Mobile Network Fraud & Brand Mitigation for RMG Advertisers

The following document outlines Flatiron’s approach to mitigating mobile network fraud and brand risk.

Mobile Network Fraud & Brand Mitigation for RMG Advertisers


The following document outlines Flatiron’s approach to mitigating mobile network fraud and brand risk.

Fraud mitigation: Implement a process to ensure any bot or fraudulent traffic is promptly identified and refuted/refunded (richer data helps to drive early detection)

Brand risk management: Implement a process to ensure ads do not fall alongside any offshore or other unsavory entities

Here are the 4 key phases:

  1. CONTRACTING PHASE

The initial contracting/IO phase provides the groundwork to ensure you have the base infrastructure to help minimize fraud and brand risk.

  • Set initial expectations of client concern over fraud and brand risks
  • Outline large budget opportunities if these risks are mitigated
  • Request initial campaigns to start with top-performing whitelisted publishers for our category
  • Request details around specific placement, including content on property, demographics, and other types of publishers
  • Contractually exclude traffic sources like pop-up, incent, adult, tobacco, firearm, and politics, including specific language around exclusion of any source with Offshore book advertising, partnership, or placement.

2. ONGOING MONITORING

Alongside standard campaign management, Flatiron implements an additional process to look for data patterns that indicate potential fraud may exist and that further analysis is required. This process must be utilized at the network level, publisher level, and sub-publisher level to ensure effectiveness.

  • Abnormally low click-to-install rates
  • This often indicates a publisher is engaging with “click stuffing” or “cookie bombing” a process where a mobile network tags the user as if the user had clicked on their ad when in reality the user converted due to another marketing channel

Impressions

Clicks

Installs

Click-to-Install

100,000,000

50,000,000

1

0.000002%

  • Randomly distributed time from click-to-install
  • With both “click stuffing” and “cookie bombing”, a pattern emerges with a randomly distributed time from click-to-install because the timing of the user clicking or being tagged and actual install are not related
  • In valid marketing activity, the pattern shows a relationship between the timing of a click and that of an install since they are correlated and predictable.

Time

Expected Time from Click-to-Install

Fraudulent Time from Click-to-Install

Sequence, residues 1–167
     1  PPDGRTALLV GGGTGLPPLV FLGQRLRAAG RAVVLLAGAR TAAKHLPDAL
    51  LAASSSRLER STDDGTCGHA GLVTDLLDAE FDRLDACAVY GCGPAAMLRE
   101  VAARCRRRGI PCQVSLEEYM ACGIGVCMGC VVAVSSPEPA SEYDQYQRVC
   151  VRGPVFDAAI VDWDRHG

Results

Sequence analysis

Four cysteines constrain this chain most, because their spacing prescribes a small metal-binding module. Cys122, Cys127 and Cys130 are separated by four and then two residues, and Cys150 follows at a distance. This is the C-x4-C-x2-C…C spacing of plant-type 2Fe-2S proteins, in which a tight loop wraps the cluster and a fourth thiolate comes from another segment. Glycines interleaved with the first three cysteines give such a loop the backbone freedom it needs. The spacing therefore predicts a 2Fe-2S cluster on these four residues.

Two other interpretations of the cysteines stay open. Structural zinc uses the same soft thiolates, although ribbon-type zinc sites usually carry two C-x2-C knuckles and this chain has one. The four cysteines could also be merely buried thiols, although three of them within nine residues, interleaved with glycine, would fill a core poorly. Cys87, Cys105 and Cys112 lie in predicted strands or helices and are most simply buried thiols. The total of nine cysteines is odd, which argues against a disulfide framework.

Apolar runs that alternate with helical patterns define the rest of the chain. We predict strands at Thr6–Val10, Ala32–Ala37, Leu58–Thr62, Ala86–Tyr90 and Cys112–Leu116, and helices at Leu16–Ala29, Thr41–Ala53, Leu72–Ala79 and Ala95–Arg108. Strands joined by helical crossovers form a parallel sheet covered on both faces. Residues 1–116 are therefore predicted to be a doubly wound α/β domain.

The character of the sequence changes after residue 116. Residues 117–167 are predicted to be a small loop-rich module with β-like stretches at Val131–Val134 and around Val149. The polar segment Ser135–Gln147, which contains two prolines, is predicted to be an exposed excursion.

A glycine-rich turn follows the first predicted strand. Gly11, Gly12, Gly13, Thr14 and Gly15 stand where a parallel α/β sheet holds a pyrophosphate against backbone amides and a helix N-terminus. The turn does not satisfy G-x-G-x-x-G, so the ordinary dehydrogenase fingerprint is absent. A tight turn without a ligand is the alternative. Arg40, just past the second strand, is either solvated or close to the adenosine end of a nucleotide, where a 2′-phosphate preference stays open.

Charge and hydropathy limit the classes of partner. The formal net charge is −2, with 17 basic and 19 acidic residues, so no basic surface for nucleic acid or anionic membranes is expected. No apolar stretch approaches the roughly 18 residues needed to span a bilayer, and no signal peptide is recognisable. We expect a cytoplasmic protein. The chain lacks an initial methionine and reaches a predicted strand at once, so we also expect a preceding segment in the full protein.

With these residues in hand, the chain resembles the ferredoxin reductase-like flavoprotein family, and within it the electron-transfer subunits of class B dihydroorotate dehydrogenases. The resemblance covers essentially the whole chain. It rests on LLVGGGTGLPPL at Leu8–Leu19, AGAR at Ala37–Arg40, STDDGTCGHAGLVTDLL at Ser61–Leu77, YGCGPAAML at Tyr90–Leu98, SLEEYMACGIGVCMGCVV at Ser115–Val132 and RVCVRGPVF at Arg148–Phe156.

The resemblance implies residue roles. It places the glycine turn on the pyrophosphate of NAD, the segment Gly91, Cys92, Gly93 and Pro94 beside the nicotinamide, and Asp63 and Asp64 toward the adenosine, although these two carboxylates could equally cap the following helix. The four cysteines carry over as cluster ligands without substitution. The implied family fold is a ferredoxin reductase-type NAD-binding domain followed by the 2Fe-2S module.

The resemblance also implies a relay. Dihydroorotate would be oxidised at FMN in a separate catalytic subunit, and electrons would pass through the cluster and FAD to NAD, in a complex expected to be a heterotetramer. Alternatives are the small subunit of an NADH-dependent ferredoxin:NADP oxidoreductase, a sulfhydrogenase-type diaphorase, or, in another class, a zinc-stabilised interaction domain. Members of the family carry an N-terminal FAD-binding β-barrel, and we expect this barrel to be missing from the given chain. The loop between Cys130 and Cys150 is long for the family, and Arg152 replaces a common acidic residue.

0 min. - 10 min.

40%

10%

10 min. - 20 min.

25%

10%

20 min. - 30 min.

15%

10%

30 min. - 300 min.

10%

10%

300 min. - 1440 min.

10%

60%

  • Consistently low amount of time from click-to-install
  • When mobile networks have “click injections”, there’s a consistently low amount of time between the click and the install
  • This is generally executed by having a widely distributed utility app that injects a click onto another app right before the user is able to open

Time

Expected Time from Click-to-Install

Fraudulent Time from Click-to-Install

0 min. - 1 min.

15%

100%

2 min. - 20 min.

50%

0%

20 min. - 40 min.

20%

0%

40 min. - 1440 min.

15%

0%

  • Abnormally high registration to first-time-deposit (FTD) rates
  • Exceedingly high registration to FTD rates can be an indicator of misaligned traffic or traffic to an audience that is disinterested in the product
  • Sometimes mobile networks will show users an offer for trying out a product which is often beneficial to all parties (e.g., if you deposit $10 then you’ll receive $5 of gems for a game in return)
  • The problem arises when the user has little genuine interest in the actual product because the audience targeting is ineffective in identifying the most interested users

State

Registration-to-FTD Rates (Single Platform)

Registration-to-FTD Rates (Cross Platform)

Expected

<75%

<125%

Requires Further Analysis of Deposit and Play Metrics

>75%

>125%

  • Abnormally low post-FTD play rates
  • Abnormally low play rates post-FTD can be another sign of misaligned traffic. This often occurs on affiliate deals, for example, save $50 on a $75 subscription for placing a $10 deposit
  • The logical action by a user is to take the deal to save money net of deposit for a service they wanted to purchase, either way, the issue arises if the user is only taking the offer for the discount and does not have a genuine interest in the product
  • The post-FTD play rates will be a clear indicator in determining how effectively targeted the offer is to the value the user brings to the business

State

FTD-to-Play Rates [7days] (Single Platform)

Expected

>90%

Requires Further Analysis of Deposit and Play Metrics

<90%

  • ADDITIONAL METRICS TO MONITOR
  • 30-day, 60-day, 90-day redeposit rates
  • Distribution of deposit sizes

Monitor metrics at the network, publisher, and sub-publisher levels.

3. INVESTIGATING ABNORMAL TRAFFIC SOURCES

Once you have discovered abnormal data, then you should:

  1. Build a case around traffic source by analyzing these metrics at the publisher and sub-publisher levels:
  • Click-to-Install rates
  • Registration-to-FTD rates
  • FTD-to-play rates
  • FTD-to-redeposit rates
  • Distribution of click-to-install rates
  • Distribution of FTD amounts

2. Reach out to the network and present the analysis

3. Request and review any additional materials the network offers to share

4. REFUTING FRAUDULENT TRAFFIC

Once you have discovered abnormal data, then you should:

  1. Determine if the materials sent by the network convince you of:
  2. No fraud
  3. Partial traffic fraudulent
  4. All traffic fraudulent
  5. If convinced that partial or complete fraud then determine the amount of damages to ask the networks to refund
  6. Remove all fraudulent sources from the mobile networks